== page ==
ORLANDO — Saturday night was everything Feleipe Franks was and is.

The ball he threw to Josh Hammond that resulted in a 65-yard gain to set up the go-ahead score will be on Franks’ NFL Draft highlight reel. The post-touchdown pass celebration that included high-fiving Gator fans behind the team’s bench — that appeared like Franks did some, um, “communicating” with Miami fans as well — will be at the center of every “Franks is never going to get it” argument.

The patient but decisive touchdown run and dive will be why some argue that Franks turned the corner as a player willing to capitalize on all of his skills. The horrendous but baffling interception that gave Miami a chance to put together its own potential game-winning drive will be why others argue that Franks will never be an elite signal-caller.

(Franks claimed it was such a bad throw because he was hit as he made it while Dan Mullen took the blame for making such an aggressive call in that spot with 4 minutes left, but added that he did so because of how much he trusts his quarterback.)

After watching how Franks performed and acted, I’ve come to one definitive conclusion about him as the face of Florida’s program — he is who he is, and that’s not changing.

Does that mean all of the offseason chatter about his maturation was a bunch of hot air? Not necessarily. Mullen praised how Franks responded to adversity.

“I think he made a lot of good plays. He’ll know he can do a lot better,” Mullen said. “I think he knows the faith we have in him, we are going to put the ball in his hands, try and let him go win the game for us. We did and — wasn’t exactly how we drew it up, but he knows we are going to keep giving him the ball and let him make decisions and try and go win games for us.”

I was interested in how Mullen handled Franks’ night because I thought that said a lot. Would he blast him and say the throws, the celebration with Florida fans and some of the decision-making was just not up to — dare I say — the Gator standard? Nope. Mullen accepted Franks for his faults and his feats. This is who he is.

When Mullen walked off the podium following his postgame press conference on Saturday night, Franks, Hammond and linebacker Jonathan Greenard traded places with him. Hammond and Greenard were rocking official team gear while Franks came in wearing ripped blue jeans and a denim jacket. Mullen made a quip about Franks looking more like a Major League Baseball player than a college athlete, which was topical because Franks was drafted by the Boston Red Sox this summer.

Mullen has accepted the fact that he has a quarterback who goes to the beat of his own drum. That beat isn’t one that Florida fans are always going to follow along with. There are going to be more head-scratching throws and eye-rolling touchdown celebrations with Franks.

Those of us who convinced ourselves that the roller-coaster was over were thrown for a loop Saturday night. At halftime, plenty of Gators fans were too nauseous from the ride and wanted off. They wanted to get on the Emory Jones ride instead.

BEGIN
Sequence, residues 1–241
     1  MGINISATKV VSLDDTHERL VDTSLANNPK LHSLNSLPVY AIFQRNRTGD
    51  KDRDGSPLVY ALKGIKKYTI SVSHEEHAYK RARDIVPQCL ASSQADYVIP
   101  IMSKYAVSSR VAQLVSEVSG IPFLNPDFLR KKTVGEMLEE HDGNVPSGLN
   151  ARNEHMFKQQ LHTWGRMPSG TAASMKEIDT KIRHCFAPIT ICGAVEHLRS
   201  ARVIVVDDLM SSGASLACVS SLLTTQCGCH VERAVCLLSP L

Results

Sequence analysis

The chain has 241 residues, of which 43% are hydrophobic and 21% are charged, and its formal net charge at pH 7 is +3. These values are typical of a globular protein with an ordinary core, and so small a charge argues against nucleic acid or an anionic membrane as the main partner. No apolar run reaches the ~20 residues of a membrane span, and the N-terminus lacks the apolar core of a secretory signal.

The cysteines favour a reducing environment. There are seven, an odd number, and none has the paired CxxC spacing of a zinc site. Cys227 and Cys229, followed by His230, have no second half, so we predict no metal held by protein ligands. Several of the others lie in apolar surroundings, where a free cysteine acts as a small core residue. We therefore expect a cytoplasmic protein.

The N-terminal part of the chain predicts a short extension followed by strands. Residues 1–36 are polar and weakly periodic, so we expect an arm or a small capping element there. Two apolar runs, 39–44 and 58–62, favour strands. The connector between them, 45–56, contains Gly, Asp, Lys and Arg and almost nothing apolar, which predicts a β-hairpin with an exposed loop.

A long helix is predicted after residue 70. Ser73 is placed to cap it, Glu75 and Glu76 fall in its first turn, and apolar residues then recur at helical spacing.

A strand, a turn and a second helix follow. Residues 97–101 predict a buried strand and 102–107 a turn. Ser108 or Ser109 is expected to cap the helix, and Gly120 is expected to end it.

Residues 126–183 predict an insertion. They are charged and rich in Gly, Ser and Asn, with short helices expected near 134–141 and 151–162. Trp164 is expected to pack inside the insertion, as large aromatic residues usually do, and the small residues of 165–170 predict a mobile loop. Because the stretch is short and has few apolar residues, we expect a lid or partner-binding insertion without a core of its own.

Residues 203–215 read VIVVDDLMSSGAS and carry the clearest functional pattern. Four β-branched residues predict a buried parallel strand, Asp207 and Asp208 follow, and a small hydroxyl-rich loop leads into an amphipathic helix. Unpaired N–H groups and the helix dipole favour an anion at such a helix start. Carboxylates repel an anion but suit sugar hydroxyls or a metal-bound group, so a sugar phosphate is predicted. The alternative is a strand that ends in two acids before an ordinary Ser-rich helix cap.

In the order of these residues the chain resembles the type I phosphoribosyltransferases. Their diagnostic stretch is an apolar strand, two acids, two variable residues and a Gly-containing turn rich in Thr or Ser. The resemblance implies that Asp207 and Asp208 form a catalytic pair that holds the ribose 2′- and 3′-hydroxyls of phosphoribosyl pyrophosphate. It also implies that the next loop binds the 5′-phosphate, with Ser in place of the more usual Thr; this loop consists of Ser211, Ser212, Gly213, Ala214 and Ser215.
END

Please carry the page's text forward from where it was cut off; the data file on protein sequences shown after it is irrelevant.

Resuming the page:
I don’t want to say Franks can’t get benched because obviously he did in a November game last year, but on Saturday night, there was a 0% chance that Jones was coming out of that halftime locker room as the starter. Mullen has invested too much time and energy into making Franks his quarterback project.

I say that not to tell Florida fans that they need to love Franks unconditionally and that he should be free of criticism. That’s not the case at all.

I say that to tell Florida fans that this isn’t changing. Franks might have great games in which he looks like he put it all together, but he’s never going to be perfect. He’s just not. At this point in his career — this is Franks’ 4th total and 3rd as an SEC starter — Franks is what he is. That is, an exceptional talent with next-level ability who sometimes makes high school-level mistakes on and off the field.

There’s a reason that Mullen joked at SEC Media Days that if anybody on Twitter who calls out Franks knows more than Florida’s offensive staff, he’d hire them. From the outside, it appears that Franks still struggles with the Florida quarterback fishbowl. His desire to be fully embraced by the Florida faithful conflicts with his desire to try and — for lack of a better word — shush his doubters. That battle is ongoing.

Perhaps it was premature to assume that Franks was finally going to turn the corner and close his career as a decorated Florida quarterback. And perhaps it’s premature to judge Franks based on such a small 2019 sample size.

After all, if he’d come out and threw for 400 yards with 75% accuracy and led the Gators to a rout of Miami, the “turn the corner” narratives would have been out in full force for Franks. But that’s not what happened. Instead, we saw a microcosm of Franks’ up and down career.

It won’t be like that every week. Franks could string together 3 or 4 really solid games in a row like he did to end 2019. He could also have first halves that result in boo birds against anyone on Florida’s schedule. If Florida fans thought the roller-coaster was over, Saturday night served as a reminder that there’s at least another year of the Franks ride.

They don’t have to put on ripped blue jeans and a denim jacket, but 2019 won’t be quite as stomach-churning as Saturday night if they brace themselves for every Franks twist, turn and loop ahead.